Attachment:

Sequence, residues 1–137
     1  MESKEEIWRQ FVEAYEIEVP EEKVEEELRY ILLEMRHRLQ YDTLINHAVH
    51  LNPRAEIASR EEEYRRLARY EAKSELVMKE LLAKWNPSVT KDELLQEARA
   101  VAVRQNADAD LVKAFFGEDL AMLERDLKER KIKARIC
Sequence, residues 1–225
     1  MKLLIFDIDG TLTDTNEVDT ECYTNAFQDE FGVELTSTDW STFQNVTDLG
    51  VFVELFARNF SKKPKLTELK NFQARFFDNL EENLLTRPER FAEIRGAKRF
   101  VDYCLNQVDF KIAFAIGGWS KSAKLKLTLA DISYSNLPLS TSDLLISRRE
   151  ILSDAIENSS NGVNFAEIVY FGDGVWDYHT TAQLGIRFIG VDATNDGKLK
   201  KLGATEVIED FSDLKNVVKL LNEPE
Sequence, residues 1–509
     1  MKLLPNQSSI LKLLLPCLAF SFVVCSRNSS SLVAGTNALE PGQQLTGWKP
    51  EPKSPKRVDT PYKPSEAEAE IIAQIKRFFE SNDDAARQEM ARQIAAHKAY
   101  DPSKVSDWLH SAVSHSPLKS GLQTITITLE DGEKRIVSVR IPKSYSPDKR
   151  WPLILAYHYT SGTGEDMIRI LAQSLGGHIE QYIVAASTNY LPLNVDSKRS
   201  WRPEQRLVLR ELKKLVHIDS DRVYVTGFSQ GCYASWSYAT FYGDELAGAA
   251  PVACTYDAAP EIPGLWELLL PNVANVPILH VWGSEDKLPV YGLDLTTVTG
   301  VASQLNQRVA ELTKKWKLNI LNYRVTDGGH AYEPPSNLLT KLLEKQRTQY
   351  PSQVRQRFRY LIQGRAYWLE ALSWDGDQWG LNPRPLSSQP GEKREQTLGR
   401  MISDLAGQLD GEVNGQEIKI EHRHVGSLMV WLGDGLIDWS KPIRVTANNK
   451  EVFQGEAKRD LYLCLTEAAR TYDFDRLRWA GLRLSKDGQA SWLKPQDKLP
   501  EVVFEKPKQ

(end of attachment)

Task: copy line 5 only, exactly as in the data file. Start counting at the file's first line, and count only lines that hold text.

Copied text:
Sequence, residues 1–225